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Harrogate Herald - 18th April 1917

Driver G Milnes, of the Overseas Battery, writes :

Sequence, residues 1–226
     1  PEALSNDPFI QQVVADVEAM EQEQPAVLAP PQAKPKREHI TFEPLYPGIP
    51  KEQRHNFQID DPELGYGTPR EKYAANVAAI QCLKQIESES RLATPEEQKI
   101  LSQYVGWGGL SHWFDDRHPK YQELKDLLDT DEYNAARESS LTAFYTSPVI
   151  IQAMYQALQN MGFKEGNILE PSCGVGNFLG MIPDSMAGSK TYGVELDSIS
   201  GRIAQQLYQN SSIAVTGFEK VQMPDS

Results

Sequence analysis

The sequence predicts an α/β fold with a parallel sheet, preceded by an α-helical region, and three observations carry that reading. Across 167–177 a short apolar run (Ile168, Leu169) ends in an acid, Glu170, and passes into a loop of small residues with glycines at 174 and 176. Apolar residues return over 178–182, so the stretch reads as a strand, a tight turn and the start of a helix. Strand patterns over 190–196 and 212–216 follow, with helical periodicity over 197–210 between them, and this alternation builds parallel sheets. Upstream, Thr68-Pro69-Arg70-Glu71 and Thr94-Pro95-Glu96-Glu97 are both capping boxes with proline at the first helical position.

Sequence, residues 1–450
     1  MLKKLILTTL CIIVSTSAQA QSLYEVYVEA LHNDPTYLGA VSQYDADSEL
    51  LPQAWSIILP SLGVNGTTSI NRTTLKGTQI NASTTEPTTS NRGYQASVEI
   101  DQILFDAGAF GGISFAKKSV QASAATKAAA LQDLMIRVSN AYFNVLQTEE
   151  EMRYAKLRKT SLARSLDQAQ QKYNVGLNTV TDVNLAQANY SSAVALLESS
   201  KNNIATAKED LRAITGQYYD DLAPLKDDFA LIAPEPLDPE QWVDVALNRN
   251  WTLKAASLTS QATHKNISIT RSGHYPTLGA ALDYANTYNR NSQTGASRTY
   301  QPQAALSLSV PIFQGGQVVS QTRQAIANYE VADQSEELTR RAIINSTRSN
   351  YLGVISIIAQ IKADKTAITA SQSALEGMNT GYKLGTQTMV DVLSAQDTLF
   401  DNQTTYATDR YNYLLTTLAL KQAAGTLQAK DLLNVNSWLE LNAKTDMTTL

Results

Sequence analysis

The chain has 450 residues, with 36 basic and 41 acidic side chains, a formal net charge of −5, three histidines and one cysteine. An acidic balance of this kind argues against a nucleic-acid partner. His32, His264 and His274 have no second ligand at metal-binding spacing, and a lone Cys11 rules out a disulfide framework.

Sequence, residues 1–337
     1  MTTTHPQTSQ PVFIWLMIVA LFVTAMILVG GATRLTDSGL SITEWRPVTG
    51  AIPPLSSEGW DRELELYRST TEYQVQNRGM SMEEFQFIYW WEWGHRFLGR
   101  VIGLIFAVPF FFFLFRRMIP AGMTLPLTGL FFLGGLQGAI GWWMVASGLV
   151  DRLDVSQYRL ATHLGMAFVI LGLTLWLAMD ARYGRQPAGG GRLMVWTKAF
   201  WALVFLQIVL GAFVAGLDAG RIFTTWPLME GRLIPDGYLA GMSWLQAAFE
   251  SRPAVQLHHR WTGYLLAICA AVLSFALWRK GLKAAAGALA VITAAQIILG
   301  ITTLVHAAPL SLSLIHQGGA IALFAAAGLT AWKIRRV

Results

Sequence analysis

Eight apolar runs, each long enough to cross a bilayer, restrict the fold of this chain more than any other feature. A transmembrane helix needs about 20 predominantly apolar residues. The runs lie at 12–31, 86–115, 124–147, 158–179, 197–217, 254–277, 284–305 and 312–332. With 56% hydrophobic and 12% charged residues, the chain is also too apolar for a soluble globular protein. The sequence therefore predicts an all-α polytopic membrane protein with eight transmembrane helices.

May I first thank you very much for your kindness in sending me the Harrogate paper so regularly to my brother and myself, and I must say it is well appreciated. At the same time I have a very sad announcement for you to put into your next edition, this being the death of a very old friend of mine, Herbert S Whitehead, who you will remember was the youngest son of John Whitehead, one of Harrogate's leading architects some six or seven years ago. I am sorry I cannot inform you of the exact place, as you are well aware that we are not allowed to mention the name of the front we are holding. However, it happened on Sunday, April 8th, 1917, and by this time probably the English papers will be full of another big advance, also a very important hill taken by the Canadians; in fact, I may the strongest that Fritz held on the Western Front. Our division of artillery were directly opposite this point. The day before the attack being Sunday, Fritz commenced to shell the battery position, and having no dugouts to go into, we built a narrow trench running in rear of the guns to go into in case Fritz discovered our position. That is, of course, provided we had no orders for firing, at which time gunners cannot leave the guns on any consideration. As it happened, at this time we had no orders to fire, so thinking they would be safer in the trench, the gunners clambered in and were somewhat crowded, when Fritz landed a 5.9 right into the trench, just between, Bert and a fellow called Longworthy being killed both instantly. Longworthy and Whitehead were, I think, without doubt the two finest and well-respected boys we had in the battery. The former received a piece of shell about as big as my fist through his back and coming out at his chest; while Bert, although not touched by any of the splinters, got completely buried, and the weight of the falling earth and rock broke his spine. Seven others were wounded at the same time, but only one was at all serious. Although Mrs Whitehead will be heart-broken at receiving the news of her son's death, she would not on any account have stood in the way of him doing his bit; and will be proud to know that on more than one occasion he has shown great bravery by keeping up a steady fire against a heavy bombardment of the battery position. We have suffered very few casualties since coming to France, and it is pretty hard for us to realise the death of two such well-loved comrades as Whitehead and Longworthy. However, seeing that we have gained considerably mote than our objective, with some 7,000 prisoners, we will be pulling out on to some quiet front for a well-earned rest, and with God's help the war will be over before we see another front like this.


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